Ecuador legalized the cultivation of hemp up to 1% THC at the end of June, excluding it from the list of substances subject to the rules of the country’s Comprehensive Organic Penal Code (COIP) and placing the plant under the jurisdiction of the agricultural authorities. The Ecuadorian Ministry of Agriculture and Livestock must issue regulations on hemp within 120 days of the promulgation of the law.
It’s time to think outside the box. It is essential to look for options that create jobs and attract foreign exchange. The hemp industry is an alternative with high production potential and attractive to investors, hence the need to create these spaces for dialogue,” said Minister Iván Ontaneda.
The Federation of Cannabis Communities of Ecuador nevertheless regretted rules that prohibit the cultivation of hemp in border and coastal areas. It is also concerned that the proposed rules do not allow small producers and farmers to participate in the industry because of the financial requirements for licenses. These producers would most likely have to form some legal entity or association to comply with the new law.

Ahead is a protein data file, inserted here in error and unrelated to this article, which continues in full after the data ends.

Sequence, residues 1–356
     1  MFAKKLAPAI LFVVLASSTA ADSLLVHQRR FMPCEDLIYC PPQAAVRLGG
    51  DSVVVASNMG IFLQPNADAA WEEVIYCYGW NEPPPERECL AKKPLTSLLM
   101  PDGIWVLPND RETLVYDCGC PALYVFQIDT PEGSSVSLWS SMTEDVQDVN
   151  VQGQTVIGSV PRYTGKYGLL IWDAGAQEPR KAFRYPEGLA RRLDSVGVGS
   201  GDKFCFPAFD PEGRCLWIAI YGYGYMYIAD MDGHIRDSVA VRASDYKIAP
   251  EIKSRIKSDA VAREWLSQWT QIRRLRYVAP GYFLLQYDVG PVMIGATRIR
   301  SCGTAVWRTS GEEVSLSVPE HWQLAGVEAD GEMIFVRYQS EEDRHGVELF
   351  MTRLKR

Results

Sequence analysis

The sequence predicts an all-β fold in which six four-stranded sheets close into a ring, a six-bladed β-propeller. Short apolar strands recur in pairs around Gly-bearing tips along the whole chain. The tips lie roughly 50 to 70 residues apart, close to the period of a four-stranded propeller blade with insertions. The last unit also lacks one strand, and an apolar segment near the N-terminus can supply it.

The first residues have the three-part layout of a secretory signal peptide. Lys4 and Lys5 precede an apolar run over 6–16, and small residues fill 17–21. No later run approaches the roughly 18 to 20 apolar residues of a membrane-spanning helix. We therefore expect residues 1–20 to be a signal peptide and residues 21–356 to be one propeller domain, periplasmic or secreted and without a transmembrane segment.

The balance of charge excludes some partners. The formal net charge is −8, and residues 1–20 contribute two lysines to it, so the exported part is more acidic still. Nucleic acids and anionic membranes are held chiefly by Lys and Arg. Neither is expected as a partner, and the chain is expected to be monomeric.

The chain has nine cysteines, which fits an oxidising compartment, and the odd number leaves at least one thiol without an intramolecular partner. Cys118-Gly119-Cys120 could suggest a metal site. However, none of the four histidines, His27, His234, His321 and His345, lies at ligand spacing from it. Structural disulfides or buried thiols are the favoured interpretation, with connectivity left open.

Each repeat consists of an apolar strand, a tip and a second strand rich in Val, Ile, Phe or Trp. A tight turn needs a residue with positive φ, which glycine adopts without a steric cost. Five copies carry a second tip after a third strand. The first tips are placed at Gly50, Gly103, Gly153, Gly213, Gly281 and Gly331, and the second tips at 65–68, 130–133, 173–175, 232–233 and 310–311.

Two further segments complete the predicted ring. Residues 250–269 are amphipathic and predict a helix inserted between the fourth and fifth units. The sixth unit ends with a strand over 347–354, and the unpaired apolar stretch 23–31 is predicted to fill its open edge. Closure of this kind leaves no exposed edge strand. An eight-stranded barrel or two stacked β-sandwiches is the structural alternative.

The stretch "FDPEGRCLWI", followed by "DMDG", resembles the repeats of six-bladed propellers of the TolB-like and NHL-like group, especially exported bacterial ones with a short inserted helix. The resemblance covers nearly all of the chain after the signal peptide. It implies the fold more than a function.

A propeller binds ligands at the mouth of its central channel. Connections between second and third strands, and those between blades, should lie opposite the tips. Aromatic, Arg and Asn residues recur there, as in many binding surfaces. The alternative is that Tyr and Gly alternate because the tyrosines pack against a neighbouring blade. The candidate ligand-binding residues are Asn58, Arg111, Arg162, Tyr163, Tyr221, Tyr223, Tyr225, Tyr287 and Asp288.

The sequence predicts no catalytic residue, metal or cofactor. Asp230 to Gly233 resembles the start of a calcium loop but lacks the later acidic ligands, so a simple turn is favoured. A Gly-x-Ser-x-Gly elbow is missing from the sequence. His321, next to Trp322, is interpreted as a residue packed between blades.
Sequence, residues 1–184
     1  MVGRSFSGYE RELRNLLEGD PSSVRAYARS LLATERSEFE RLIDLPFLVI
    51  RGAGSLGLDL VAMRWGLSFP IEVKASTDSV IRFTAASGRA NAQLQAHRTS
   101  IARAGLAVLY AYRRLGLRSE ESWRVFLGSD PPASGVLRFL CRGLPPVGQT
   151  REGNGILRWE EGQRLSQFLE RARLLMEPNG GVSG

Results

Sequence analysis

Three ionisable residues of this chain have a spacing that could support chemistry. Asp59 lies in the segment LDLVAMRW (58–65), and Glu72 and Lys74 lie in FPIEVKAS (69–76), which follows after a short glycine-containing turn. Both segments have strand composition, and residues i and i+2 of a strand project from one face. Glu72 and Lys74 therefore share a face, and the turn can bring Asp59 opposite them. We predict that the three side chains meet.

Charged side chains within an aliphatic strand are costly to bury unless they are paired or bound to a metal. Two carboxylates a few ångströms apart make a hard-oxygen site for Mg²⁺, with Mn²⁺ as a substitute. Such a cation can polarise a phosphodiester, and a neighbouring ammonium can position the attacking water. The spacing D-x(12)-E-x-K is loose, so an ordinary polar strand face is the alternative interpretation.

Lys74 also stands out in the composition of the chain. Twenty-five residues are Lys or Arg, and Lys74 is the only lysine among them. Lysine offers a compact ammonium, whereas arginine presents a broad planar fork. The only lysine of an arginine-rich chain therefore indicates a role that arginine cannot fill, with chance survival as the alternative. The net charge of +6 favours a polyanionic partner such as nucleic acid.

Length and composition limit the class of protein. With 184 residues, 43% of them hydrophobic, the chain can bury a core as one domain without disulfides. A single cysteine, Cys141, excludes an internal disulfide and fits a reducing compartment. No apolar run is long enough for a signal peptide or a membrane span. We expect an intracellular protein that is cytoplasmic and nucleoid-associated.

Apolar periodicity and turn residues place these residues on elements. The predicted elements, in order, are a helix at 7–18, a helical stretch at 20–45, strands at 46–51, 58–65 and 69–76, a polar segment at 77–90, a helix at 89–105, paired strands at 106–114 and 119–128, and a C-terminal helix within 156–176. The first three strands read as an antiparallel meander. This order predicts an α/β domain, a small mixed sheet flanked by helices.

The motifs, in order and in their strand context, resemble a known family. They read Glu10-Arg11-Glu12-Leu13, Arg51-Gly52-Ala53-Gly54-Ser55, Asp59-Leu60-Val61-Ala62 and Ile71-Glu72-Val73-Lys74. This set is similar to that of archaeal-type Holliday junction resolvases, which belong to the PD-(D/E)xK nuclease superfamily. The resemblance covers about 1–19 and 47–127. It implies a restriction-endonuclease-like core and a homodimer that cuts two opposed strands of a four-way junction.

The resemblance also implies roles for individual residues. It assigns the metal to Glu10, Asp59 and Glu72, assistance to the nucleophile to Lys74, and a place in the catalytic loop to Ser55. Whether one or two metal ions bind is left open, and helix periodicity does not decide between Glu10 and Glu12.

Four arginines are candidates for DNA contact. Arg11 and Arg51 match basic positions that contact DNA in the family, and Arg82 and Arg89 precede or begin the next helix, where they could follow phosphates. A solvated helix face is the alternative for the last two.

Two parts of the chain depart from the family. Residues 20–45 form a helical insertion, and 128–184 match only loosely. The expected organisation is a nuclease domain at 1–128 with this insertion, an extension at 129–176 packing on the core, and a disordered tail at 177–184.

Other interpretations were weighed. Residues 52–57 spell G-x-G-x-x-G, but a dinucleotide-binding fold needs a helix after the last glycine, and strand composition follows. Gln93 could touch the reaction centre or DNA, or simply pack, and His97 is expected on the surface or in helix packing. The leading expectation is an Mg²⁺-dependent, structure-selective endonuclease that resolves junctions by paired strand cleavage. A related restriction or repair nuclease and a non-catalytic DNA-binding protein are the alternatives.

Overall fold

The federation also criticized the law for giving the Ministry of Agriculture excessive powers to inspect, sanction, and destroy hemp crops and not taking into account environmental considerations related to the use of agrochemicals.
Ecua Cáñamo, the Ecuadorian Medicinal, and Industrial Hemp Association stressed that regulations should be simple and avoid the problems seen in other countries caused by over-regulation. She said that future rules should cover industrial applications to realize the economic promise, especially for export, of Ecuadorian hemp.
The country also expected to legalize medical cannabis soon.